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  1. By chlamydia trachomatis – serotypes , A, B, Ba, C. C is commonest type in India
  2. Serotypes D-K – cause adult inclusion conjunctivitis
  3. Leading cause of preventable blindness in the world
  4. Conjunctional reaction is both follicular and papillary
  5. Chlamydia – trachomatis is epitheliotropic and produce intra – cytoplasmic inclusion bodies called H.P. bodies (Halberstaedter- Prowazeki bodies)
  6. Age 1-2 years. At 5 years prevalence of active disease declines
  1. Signs
    1. Conjunctiva Diffuse inflammation congestion, Follicles Essential lesion
      1. 5 mm in diameter
      2. Rare on Bulbar conjunctiva but pathognomic if present
      3. In mild cases scarring of follicles produces star shaped scars
      4. Horizontal streak of scar tissue is seen on upper tarsus ARLT’S LINE
      5. Herbert’s pits seen in bulbar conjunctiva
    2. Cornea Superficial punctate Keratitis in upper part of cornea
      1. Trachomatous Pannus
      2. Develops as lymphoid infiltration with vascularization of the margin of cornea
      3. Tends to spread towards centre and involve whole of cornea
      4. Level of pannus initially is b/w epithelium and Bowman’s membrane. Later Bowman’s membrane gets destroyed and superficial stroma becomes involved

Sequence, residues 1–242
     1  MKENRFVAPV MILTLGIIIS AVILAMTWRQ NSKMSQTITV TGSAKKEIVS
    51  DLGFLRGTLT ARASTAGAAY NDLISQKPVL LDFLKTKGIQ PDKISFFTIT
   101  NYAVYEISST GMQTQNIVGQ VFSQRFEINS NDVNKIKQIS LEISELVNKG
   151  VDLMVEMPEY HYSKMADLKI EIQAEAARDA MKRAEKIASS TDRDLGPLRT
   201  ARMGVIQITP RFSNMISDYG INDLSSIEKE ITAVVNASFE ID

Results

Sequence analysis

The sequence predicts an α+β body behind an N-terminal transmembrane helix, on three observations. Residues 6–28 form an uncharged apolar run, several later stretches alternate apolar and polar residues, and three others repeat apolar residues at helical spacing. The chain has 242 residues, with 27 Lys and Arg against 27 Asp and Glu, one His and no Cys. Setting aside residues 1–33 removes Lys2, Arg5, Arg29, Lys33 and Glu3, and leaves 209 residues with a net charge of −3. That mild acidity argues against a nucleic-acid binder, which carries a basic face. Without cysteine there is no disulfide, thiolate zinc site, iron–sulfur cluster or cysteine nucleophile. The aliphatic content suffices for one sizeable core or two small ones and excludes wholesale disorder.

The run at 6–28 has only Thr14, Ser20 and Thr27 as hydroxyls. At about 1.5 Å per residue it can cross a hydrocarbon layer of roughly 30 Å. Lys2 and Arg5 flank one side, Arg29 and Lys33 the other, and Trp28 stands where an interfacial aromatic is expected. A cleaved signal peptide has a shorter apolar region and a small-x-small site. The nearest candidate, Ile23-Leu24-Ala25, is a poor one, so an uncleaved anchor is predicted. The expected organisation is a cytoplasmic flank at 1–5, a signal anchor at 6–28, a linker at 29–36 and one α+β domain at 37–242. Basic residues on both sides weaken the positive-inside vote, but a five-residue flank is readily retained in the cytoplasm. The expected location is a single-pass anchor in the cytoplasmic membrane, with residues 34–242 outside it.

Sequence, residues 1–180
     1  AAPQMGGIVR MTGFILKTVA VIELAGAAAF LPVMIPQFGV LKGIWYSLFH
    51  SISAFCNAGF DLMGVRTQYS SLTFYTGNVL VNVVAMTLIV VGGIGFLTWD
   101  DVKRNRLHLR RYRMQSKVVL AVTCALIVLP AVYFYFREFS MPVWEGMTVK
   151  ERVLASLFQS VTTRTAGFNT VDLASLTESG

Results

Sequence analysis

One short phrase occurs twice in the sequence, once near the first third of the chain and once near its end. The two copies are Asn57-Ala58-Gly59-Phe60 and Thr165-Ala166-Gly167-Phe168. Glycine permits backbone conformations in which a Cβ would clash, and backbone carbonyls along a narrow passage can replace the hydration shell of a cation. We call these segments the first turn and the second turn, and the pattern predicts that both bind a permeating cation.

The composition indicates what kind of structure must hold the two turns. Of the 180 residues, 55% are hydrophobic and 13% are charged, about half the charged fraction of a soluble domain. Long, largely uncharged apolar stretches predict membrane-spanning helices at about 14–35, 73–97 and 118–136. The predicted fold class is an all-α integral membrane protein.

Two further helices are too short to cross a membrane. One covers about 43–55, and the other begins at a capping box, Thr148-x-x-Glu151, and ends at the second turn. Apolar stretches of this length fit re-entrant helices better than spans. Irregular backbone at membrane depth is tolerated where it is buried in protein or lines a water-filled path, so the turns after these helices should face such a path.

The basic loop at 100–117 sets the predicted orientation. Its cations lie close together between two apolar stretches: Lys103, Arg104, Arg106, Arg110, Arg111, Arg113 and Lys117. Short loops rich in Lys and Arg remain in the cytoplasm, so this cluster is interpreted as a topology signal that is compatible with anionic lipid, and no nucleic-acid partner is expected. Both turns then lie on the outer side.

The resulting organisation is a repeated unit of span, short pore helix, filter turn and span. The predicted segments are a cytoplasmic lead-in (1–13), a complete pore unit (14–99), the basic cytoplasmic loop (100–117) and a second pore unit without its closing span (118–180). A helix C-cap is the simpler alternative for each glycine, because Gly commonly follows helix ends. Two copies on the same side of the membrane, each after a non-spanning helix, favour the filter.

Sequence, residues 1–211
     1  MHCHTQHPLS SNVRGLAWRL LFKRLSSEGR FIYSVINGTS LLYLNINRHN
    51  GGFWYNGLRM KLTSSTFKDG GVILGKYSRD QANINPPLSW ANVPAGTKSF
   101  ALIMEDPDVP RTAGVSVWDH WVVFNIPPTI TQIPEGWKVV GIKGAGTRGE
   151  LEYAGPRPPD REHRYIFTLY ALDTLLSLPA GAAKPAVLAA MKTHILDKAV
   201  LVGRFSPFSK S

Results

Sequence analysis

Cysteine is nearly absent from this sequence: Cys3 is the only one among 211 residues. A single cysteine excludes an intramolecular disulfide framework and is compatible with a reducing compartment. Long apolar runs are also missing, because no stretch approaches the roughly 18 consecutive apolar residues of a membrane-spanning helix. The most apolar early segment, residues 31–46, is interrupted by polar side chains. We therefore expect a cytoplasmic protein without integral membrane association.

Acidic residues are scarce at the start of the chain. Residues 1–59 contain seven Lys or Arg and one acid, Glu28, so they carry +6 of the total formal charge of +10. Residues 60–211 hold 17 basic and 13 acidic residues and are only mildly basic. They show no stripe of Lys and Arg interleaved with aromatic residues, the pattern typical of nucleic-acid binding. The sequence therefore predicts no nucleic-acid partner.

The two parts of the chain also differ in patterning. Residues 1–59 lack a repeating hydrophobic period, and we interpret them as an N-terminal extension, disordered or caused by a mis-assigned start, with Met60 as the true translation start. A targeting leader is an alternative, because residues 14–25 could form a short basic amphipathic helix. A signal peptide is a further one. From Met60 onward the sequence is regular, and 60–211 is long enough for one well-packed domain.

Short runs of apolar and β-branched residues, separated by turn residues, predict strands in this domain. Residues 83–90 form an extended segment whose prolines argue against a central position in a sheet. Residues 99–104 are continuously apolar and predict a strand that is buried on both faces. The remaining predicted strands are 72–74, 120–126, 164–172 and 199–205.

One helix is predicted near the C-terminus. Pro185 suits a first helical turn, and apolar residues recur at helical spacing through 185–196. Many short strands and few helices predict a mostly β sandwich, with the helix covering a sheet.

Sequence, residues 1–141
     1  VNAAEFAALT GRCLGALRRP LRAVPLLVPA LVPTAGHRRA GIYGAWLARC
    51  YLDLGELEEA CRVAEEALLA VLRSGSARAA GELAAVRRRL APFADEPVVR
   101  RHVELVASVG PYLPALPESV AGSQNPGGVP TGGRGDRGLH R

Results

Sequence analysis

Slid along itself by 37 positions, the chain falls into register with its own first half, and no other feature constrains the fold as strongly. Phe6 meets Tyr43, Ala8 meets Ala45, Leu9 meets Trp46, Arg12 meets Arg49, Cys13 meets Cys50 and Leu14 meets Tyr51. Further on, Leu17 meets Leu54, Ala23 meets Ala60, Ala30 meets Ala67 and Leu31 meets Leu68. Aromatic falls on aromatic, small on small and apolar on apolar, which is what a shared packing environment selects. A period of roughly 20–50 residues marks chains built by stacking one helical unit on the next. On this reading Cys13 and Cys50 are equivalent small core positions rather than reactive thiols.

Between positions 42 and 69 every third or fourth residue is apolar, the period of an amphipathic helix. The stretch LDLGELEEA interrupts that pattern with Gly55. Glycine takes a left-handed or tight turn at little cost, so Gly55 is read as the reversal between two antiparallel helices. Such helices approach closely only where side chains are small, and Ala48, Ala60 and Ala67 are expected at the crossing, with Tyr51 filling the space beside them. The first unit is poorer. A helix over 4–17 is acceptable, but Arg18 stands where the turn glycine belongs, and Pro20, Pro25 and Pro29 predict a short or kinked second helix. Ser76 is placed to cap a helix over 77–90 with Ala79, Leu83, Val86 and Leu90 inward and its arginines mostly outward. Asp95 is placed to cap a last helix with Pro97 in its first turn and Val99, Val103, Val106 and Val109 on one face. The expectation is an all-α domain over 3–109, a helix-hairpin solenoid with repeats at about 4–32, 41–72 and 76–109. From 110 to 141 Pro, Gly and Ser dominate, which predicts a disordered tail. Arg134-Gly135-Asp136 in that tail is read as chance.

1. Progressive Pannus vessels extend to level which forms a horizontal line, beyond this line there is narrow zone of lymphoid infiltration and haze.
        2. Regressive Pannus line of lymphoid infiltration stops short of vessels  
  2. Sequeale
    • S- shaped border upper lid
    • Trichiasis, Entropion
    • Ptosis due to Tylosis and involvement of Muller’s muscle or LPS in scar tissue
    • Madarosis
    • Posterior symblepharon
    • Goblet cell destruction and lacrimal duct obstruction Xerosis
  3. Complication Only complication Corneal Ulceration. Commonest at advancing edge of Pannus, shallow, cause much lacrimation and photophobia
  4. Treatment
  • Tetracycline 1% ointment
  • Topical sulfonamides 10%, 20%, 30% drops
  • Systemic drugs in severe cases

SAFE- strategy- ( For control of trachoma) Surgery , antibiotics , facial cleanliness, environment
S- Surgery for trichiasis / entropion
A- Antibiotics for active infection
F- Facial cleanliness
E- Environmental hygiene

Table: The world Health Organization (WHO) classification of trachoma (FISTO)
Prevalence in 0-9 yr. olds <5% - Individual Rx
                                             5% - Targeted Rx of family
                                           >10% - Mass prophylaxis

Table: The world Health Organization (WHO) classification of trachoma (FISTO)



Implies active disease which needs treatment

Trachomatous inflammation, follicular: 5 or more follicles of at least 0.5 mm diameter on the upper tarsal plate should be present. Some papillae may be present in addition on but the palpebral conjunctival blood vessels are visible. This stage implies that the patient, if properly treated, should recover with no scarring or minimal scarring.



Severe disease which needs urgent treatment

Trachomatous inflammation, intense the follicles and papillae are so numerous and inflamed that more than 50% of the palpebral conjunctival blood vissels can not be seen clearly. This stage indicates a sever infection with high risk of serious complications.



Old, now inactive infection

Trachomatous scarring: tarsal conjuctival cicatrization with white fibrous bands



Needs corrective surgery

Presence of at least one trichiatic eyelash



Corneal opacities from previous trachoma cause visual loss

Presence of a corneal opacity covering part of the papillary region.

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